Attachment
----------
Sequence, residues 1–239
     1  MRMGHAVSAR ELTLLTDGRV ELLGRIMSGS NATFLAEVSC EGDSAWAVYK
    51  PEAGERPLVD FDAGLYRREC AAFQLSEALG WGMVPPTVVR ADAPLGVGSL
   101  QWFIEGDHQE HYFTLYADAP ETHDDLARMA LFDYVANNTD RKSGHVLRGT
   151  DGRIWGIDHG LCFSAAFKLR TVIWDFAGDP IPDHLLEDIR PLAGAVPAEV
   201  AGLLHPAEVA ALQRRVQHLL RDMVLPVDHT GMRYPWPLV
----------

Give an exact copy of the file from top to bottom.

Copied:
Sequence, residues 1–239
     1  MRMGHAVSAR ELTLLTDGRV ELLGRIMSGS NATFLAEVSC EGDSAWAVYK
    51  PEAGERPLVD FDAGLYRREC AAFQLSEALG WGMVPPTVVR ADAPLGVGSL
   101  QWFIEGDHQE HYFTLYADAP ETHDDLARMA LFDYVANNTD RKSGHVLRGT
   151  DGRIWGIDHG LCFSAAFKLR TVIWDFAGDP IPDHLLEDIR PLAGAVPAEV
   201  AGLLHPAEVA ALQRRVQHLL RDMVLPVDHT GMRYPWPLV